Supplementary Protection Certificates: The Court Of Justice Agrees With Potter Clarkson That SPCs With Negative Terms Are Acceptable

Author:Mr John Miles, Mike Snodin, Ross Cummings and Michael Pears
Profession:Potter Clarkson

The Court of Justice of the European Union (CJEU) ruled yesterday in an important case (C-125/10, Merck Sharp & Dohme Corp. v Deutsches Patent- und Markenamt), relating to Supplementary Protection Certificates (SPCs). The decision of the CJEU is binding upon all national patent offices and courts, and dictates how the term of an SPC is calculated, especially in view of a 6-month extension of term that may be available.

In essence, the CJEU has approved "Model A" of an article published on 7 July 2007 by Mike Snodin and John Miles of this firm, which introduced the revolutionary concept of zero and negative term SPCs.

That is, the CJEU has decided that SPCs can be granted even if they initially have a zero or negative term, i.e. if less than 5 years and 1 day has elapsed between patent filing and Marketing Authorisation (MA) issuance. This is because, provided that at least 4 years, 6 months and 1 day has elapsed from between patent filing and MA issuance, a zero or negative term SPC can serve as the basis for an extended SPC with a positive term.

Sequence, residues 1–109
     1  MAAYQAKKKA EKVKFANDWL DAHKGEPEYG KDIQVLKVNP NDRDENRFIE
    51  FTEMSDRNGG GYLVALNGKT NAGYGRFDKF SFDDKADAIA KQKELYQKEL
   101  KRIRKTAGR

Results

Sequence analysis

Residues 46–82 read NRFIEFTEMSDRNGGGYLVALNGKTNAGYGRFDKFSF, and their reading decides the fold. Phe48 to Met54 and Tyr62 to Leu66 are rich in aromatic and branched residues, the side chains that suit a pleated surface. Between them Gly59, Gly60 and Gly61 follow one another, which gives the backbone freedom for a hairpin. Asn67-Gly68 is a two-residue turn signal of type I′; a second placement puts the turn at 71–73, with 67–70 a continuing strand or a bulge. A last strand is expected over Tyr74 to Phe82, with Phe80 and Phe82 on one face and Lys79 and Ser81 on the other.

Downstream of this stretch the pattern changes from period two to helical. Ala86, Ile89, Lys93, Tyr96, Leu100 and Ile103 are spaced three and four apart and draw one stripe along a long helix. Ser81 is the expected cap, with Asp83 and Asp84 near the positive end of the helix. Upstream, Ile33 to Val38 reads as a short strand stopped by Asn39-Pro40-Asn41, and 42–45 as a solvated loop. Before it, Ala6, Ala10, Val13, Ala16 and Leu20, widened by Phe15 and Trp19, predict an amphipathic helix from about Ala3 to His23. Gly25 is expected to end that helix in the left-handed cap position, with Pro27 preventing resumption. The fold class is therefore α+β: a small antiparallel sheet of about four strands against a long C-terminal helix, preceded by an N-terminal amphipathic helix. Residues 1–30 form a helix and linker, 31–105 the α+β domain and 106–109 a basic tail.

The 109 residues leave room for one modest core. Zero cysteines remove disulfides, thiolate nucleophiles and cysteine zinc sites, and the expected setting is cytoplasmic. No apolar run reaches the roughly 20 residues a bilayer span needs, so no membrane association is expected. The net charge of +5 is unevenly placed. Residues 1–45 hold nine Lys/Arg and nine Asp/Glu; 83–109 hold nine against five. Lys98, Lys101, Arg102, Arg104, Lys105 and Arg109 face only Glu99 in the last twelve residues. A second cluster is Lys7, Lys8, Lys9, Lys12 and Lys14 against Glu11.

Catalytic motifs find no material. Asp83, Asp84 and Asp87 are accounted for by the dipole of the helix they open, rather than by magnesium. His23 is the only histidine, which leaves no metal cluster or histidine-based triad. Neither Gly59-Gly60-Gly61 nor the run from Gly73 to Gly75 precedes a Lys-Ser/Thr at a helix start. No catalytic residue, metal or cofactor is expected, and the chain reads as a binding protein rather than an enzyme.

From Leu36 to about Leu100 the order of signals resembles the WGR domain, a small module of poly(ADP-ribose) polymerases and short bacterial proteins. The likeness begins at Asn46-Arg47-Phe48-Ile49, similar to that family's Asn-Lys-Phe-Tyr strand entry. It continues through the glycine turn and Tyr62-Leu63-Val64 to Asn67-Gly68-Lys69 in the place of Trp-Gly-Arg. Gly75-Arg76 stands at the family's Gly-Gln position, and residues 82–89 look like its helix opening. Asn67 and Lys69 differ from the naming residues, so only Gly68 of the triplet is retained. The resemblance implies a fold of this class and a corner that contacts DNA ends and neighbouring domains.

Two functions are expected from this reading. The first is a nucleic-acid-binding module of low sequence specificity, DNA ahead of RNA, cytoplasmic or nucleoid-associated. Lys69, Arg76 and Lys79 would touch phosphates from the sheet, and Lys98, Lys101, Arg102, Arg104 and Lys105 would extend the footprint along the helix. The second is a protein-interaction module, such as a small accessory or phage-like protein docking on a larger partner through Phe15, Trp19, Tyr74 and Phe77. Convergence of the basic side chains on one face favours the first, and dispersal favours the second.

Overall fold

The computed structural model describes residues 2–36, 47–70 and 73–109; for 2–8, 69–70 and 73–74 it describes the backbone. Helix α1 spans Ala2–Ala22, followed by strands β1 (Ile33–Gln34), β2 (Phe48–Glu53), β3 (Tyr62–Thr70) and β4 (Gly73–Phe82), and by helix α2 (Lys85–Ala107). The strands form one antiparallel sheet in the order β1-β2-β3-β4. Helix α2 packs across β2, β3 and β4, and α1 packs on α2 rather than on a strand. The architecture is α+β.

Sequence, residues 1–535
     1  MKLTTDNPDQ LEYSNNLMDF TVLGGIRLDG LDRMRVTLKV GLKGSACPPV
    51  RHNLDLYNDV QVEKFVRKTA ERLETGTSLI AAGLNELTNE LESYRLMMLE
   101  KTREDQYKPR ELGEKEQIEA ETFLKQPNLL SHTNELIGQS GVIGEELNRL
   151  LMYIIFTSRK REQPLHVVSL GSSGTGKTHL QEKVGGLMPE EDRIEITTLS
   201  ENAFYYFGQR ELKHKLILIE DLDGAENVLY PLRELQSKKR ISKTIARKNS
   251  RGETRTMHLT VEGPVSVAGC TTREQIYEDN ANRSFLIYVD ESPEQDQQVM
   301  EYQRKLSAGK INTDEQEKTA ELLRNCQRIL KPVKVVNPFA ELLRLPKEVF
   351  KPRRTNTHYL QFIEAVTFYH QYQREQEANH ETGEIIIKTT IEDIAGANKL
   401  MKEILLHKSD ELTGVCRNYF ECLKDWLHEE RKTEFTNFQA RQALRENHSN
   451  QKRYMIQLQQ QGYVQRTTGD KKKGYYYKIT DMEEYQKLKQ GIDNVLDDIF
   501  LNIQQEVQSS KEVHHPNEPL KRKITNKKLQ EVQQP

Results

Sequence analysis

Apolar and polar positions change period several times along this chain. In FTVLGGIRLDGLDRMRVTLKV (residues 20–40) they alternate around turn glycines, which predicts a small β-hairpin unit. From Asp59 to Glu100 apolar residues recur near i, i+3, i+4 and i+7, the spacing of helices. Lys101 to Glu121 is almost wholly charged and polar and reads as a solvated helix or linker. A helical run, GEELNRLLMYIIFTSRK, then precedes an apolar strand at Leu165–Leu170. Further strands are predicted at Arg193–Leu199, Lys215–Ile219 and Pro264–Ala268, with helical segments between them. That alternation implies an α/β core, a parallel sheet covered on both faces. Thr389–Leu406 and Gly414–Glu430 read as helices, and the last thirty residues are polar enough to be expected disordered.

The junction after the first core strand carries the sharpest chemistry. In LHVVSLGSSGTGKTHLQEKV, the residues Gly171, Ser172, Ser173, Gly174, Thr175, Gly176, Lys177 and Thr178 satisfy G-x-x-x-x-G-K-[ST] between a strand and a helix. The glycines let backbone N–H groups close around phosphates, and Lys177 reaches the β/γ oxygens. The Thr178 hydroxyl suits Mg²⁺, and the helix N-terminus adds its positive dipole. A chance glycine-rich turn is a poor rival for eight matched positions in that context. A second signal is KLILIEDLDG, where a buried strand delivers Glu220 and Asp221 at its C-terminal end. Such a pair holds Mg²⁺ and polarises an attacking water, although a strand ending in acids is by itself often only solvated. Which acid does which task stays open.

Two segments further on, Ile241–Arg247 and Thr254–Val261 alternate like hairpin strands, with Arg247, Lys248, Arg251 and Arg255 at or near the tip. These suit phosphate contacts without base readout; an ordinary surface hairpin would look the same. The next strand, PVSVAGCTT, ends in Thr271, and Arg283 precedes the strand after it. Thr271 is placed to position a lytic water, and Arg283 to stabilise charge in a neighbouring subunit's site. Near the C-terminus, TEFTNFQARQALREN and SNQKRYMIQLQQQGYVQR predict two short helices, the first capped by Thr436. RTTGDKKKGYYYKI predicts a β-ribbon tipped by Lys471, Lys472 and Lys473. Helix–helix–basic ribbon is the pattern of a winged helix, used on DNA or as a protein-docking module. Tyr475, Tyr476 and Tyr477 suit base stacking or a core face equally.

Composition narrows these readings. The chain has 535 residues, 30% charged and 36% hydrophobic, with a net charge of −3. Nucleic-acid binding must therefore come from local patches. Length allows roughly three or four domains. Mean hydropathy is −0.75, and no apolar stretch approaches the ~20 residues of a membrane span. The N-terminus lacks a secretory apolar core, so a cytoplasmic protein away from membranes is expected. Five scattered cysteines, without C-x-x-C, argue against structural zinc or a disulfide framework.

The particular factual background to this case is discussed in our IP Update no. 153 (relating to the opinion of the Advocate-General that has effectively been confirmed by the Court). However, the essential points of the case, as well as possible actions that you may wish to take, are outlined below.

Legal Principles

SPCs provide additional protection, beyond patent expiry, for products (medicinal or plant protection) that require a marketing authorisation.

The "normal" (unextended) duration of an SPC after the patent expiry is X - 5 years, where X is the period between the patent filing date and the (subsequent) issuance of the marketing authorisation. Although the normal duration is capped at a maximum of 5 years after the patent expiry, this duration can be extended by 6 months if the product has been the subject of clinical trials in the paediatric population in accordance with an investigation plan that has been agreed with the European Medicines Agency.

The question addressed by the CJEU is whether the potential availability of a 6-month extension of term gives rise to the possibility of obtaining...

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